The explosion at the Deepwater Horizon mobile drilling rig on 20 April 2010 caused the largest accidental oil spill in the oil industry’s history, releasing around 700,000 tonnes of crude oil into the Gulf of Mexico. Only the Gulf War oil spill from Kuwait in 1990 released more oil into the marine environment. Eleven workers on Deepwater Horizon lost their lives and 16 others were seriously injured in the blowout. In its final report, published in December 2011, a US committee of experts concluded that a series of technical failures and flawed decisions led to the disaster. This precipitated a controversial debate about responsibility and ways of avoiding similar disasters in future.
Deepwater Horizon was a semi-submersible mobile offshore drilling unit, designed to drill wells in new oil fields in ultradeep water. Drilling rigs of this type are operated by service companies which are contracted by oil companies to carry out drilling operations. To start with, drilling only penetrates a few metres into the sea floor. Sections of pipe, known as casing, are then placed in the drill hole. The casing has two functions: firstly, it provides structural integrity for the drill hole and prevents it from caving in immediately. And secondly, the casing head supports the blowout preventer (BOP), which is installed on top of the casing on the sea floor. The BOP is a structure around 10 metres high, fitted with shut-off valves to prevent any uncontrolled surge of oil and gas from the drill hole during or after drilling. The BOP surrounds the drill string like an over-sized cuff. As a further safety measure, the BOP is also fitted with devices known as shear rams: in the event of the valves failing, these act as twin jaws, cutting off the drill string and stopping the flow of oil from the drill hole or the BOP.
Once the service company has opened the well, its work is done. The drill string is removed and the BOP valves are closed, securing the drill hole. The rig then travels under its own power, or is towed, to the next well. The BOP remains closed until a production rig is installed on top of it. The valves on the BOP are not opened until the BOP is connected to the production rig with a pipe or hose, and extraction of the oil can begin.
fig. 1.34 > A blowout preventer is a tower-like structure which acts as a large plug. Fitted with shut-off valves and shear rams, its purpose is to seal off wells on the sea floor. The Deepwater Horizon disaster occurred partly because the BOP technology failed. © nach The Times Picayune
The Deepwater Horizon explosion occurred at the end of drilling operations during the process of sealing the well at a water depth of around 1500 metres, before oil production began. The critical moment came when the drilling fluid was being pumped out of the drill hole. This drilling fluid is pumped in during drilling in order to transport the crushed rock out of the hole. It also stabilizes the drill hole; otherwise, the high pressure in the reservoir would normally cause the oil – and the gas that it often contains – to burst through the walls of the drill hole and surge out of the hole. The drilling fluid produces the necessary counter pressure. Once the drilling has finished, the drill string and the drill bit are removed from the hole and the drilling fluid is displaced with sea water. However, water is much lighter than drilling fluid and therefore exerts less downward pressure in the well to balance the flow of gas and oil. The well is therefore additionally sealed with a cement plug far down in the rock. While this operation is being performed, the specialist drilling contractors on deck perform pressure tests to check whether the cement seal at depth is tight. These cementing operations are also carried out by specialist service providers. In other words, on an oil rig – as on any construction site – there are always operatives from several different companies, whose work must be precisely coordinated.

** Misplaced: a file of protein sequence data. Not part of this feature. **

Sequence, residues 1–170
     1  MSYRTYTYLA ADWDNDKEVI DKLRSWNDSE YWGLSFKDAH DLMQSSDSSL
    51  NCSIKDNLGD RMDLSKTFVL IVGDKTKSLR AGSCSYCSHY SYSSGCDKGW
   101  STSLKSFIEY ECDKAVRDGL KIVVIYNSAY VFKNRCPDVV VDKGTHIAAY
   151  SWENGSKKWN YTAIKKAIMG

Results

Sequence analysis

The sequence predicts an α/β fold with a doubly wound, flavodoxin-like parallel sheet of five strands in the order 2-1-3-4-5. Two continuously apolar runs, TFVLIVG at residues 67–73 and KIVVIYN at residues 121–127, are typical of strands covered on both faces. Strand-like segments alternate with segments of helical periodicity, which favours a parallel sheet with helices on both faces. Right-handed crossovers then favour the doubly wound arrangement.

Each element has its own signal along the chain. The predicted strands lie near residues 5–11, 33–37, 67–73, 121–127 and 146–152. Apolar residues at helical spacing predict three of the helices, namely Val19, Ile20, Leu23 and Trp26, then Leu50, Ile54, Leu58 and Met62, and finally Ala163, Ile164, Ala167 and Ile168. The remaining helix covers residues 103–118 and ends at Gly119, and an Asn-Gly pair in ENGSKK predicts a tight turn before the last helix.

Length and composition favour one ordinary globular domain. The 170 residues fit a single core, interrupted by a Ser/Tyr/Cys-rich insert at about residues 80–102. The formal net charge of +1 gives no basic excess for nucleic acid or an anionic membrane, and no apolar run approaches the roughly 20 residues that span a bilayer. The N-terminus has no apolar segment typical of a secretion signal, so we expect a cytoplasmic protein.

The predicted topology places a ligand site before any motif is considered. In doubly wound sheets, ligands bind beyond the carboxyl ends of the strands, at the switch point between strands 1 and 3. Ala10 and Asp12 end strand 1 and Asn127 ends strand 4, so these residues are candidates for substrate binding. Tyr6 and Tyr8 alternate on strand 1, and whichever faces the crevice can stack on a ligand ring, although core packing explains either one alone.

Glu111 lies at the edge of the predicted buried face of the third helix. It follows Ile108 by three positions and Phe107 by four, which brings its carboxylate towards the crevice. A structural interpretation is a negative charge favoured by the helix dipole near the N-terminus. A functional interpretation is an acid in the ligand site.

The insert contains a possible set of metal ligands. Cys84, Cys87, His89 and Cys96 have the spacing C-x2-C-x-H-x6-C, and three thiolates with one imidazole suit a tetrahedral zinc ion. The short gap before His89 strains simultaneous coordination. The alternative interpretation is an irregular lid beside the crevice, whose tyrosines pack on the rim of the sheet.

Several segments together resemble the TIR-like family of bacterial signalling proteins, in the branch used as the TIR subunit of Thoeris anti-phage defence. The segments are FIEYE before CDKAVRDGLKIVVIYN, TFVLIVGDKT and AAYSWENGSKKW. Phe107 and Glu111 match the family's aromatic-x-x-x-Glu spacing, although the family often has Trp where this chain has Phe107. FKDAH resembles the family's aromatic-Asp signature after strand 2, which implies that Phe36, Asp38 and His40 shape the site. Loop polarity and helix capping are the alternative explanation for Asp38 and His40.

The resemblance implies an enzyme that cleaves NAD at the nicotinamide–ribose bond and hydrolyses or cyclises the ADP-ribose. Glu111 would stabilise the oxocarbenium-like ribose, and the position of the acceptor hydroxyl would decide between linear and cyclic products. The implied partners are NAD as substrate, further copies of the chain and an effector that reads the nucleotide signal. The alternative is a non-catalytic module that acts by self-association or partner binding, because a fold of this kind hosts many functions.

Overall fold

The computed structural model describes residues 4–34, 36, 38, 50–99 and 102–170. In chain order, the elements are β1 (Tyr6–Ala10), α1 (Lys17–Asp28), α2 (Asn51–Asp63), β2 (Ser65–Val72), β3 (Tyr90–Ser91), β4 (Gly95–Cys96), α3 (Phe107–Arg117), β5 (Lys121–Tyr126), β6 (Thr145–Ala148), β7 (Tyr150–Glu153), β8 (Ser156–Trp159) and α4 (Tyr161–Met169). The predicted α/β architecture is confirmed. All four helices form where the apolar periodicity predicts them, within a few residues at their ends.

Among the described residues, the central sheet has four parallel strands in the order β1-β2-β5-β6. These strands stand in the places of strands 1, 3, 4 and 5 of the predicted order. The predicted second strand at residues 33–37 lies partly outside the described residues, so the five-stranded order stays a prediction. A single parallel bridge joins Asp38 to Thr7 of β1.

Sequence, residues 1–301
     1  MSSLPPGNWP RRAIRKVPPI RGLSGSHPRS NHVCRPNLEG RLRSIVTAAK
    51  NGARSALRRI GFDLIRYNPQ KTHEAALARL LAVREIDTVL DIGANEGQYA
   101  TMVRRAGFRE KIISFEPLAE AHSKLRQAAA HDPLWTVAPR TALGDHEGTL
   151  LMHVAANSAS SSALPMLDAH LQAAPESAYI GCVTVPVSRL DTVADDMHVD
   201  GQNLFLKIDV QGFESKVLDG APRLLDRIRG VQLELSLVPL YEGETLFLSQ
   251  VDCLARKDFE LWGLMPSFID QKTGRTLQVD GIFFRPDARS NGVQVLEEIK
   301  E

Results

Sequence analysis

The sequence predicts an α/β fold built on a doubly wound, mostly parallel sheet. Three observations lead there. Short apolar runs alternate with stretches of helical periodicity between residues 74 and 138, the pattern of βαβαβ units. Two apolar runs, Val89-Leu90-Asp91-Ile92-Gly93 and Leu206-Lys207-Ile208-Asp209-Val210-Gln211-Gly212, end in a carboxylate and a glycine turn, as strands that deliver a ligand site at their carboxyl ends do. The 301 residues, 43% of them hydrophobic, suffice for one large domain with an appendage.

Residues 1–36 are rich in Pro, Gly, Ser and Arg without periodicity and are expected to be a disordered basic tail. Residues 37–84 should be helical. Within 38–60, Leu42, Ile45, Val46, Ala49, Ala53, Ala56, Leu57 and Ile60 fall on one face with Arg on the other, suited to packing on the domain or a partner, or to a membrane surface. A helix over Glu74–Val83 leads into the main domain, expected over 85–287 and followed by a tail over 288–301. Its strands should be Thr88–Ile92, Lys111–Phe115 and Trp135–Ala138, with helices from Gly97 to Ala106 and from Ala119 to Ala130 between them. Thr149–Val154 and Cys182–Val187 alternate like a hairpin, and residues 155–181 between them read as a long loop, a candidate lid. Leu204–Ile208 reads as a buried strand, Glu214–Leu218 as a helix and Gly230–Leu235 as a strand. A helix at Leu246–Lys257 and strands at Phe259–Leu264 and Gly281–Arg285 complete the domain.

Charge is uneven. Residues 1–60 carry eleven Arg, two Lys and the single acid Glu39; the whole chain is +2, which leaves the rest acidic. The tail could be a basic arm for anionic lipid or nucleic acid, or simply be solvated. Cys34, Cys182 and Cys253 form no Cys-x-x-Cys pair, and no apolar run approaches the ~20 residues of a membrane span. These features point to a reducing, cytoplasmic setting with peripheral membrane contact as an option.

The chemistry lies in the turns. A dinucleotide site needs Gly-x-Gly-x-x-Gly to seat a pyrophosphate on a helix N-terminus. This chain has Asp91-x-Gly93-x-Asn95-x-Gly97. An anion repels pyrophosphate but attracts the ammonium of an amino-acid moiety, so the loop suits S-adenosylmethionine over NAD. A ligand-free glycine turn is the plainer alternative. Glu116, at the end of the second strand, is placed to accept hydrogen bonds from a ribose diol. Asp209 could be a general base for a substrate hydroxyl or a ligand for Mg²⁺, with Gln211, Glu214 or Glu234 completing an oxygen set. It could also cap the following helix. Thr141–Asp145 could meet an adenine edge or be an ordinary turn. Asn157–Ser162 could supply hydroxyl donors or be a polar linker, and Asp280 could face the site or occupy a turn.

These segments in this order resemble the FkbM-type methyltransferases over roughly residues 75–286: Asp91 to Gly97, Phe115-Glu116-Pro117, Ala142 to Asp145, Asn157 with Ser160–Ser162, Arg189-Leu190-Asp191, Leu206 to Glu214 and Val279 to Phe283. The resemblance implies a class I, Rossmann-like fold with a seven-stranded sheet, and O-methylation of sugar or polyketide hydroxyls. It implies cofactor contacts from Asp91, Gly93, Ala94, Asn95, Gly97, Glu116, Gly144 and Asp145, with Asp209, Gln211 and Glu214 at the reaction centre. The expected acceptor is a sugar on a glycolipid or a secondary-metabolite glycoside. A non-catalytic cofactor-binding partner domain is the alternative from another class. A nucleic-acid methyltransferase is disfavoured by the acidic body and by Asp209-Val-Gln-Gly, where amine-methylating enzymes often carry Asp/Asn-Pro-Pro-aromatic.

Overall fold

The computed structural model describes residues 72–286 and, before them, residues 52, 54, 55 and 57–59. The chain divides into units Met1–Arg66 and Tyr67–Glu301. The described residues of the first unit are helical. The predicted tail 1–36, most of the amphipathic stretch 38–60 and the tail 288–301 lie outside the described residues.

In the case of Deepwater Horizon, the tests indicated that there were pressure problems and that the cementing was inadequate. However, the engineers on board made a fatal error: they misinterpreted the pressure test results, assuming that there were distortions in the readings, and continued to displace the drilling fluid with sea water. Then the accident occurred: high pressure forced the gas out of the reservoir into the wellbore. The cementing failed, so the gas surged through the drill string to the rig, where it accumulated on deck and was ignited, probably by a spark from an engine room. Under normal circumstances, the blowout preventer, which had already been installed on the sea floor, would have prevented this gas surge. However, the shear rams failed as well. As a result of the explosion, the well went completely out of control, causing vast amounts of oil to gush out into the sea for almost three months. Remote-controlled underwater robots were used in an attempt to trigger the shear rams on the BOP, but without success.
In its report, the committee describes in detail the technical failures and flawed decisions which, together, led to the disaster, and concludes that material improvements in the offshore oil development industry are required, not only in relation to technology, e.g. BOP construction, but also to management and safety systems and, above all, communication between the various service companies and the operator. The offshore drilling industry faces particular challenges and problems in deep waters, evident from the fact that it took the operator, BP, a considerable time to seal the gushing well on the sea floor. It was not until July 2010, three months after the blowout, that engineers managed to install a capping stack – a tall steel structure – on the BOP. The capping stack captured the oil flowing out of the BOP and funnelled it to a production rig.
The committee estimates the total economic costs of the disaster to be in the tens of billions of dollars. For example, after the disaster, a ban on commercial fishing and aquaculture was imposed across 200,000 square kilometres of the Gulf of Mexico in order to prevent fish and seafood contaminated with toxic hydrocarbons from getting to market. Although the ban has now been lifted across much of the Gulf of Mexico, some restrictions remain in force in severely affected areas such as the Mississippi Delta, where oyster farming is still prohibited. The tourism industry in Louisiana, Mississippi, Alabama and northwest Florida was also hit hard. The U.S. Travel Association estimates that the economic impact of the oil spill on tourism across the Gulf Coast over a three-year period could be as high as 23 billion US dollars. Fines totalling around 4 billion US dollars have already been imposed on BP, with a further 8 billion US dollars paid in compensation to settle tens of thousands of civil claims out of court. According to economists, the blowout at Deepwater Horizon has cost the company around 42 billion US dollars.